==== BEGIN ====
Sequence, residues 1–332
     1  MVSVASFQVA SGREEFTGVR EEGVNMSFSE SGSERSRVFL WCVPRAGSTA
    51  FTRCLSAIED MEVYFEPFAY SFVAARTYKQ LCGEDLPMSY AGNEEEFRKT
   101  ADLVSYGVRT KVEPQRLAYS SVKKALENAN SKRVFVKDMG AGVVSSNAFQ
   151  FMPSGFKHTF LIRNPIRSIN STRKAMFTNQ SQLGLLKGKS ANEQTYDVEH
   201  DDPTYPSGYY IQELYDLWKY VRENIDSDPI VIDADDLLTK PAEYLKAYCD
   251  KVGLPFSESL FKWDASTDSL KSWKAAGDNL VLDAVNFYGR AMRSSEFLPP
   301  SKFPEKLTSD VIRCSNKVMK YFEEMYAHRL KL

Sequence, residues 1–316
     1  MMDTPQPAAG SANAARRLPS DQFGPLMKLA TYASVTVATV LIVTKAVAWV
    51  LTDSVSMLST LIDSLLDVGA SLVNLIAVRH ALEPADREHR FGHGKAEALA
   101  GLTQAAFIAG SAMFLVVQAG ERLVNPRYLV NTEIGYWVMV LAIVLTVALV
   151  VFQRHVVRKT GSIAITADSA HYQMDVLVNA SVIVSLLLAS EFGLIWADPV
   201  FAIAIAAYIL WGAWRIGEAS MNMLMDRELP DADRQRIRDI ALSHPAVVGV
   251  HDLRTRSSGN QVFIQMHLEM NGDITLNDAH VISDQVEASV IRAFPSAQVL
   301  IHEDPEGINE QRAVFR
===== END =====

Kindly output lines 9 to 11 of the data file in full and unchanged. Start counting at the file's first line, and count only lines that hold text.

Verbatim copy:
Sequence, residues 1–316
     1  MMDTPQPAAG SANAARRLPS DQFGPLMKLA TYASVTVATV LIVTKAVAWV
    51  LTDSVSMLST LIDSLLDVGA SLVNLIAVRH ALEPADREHR FGHGKAEALA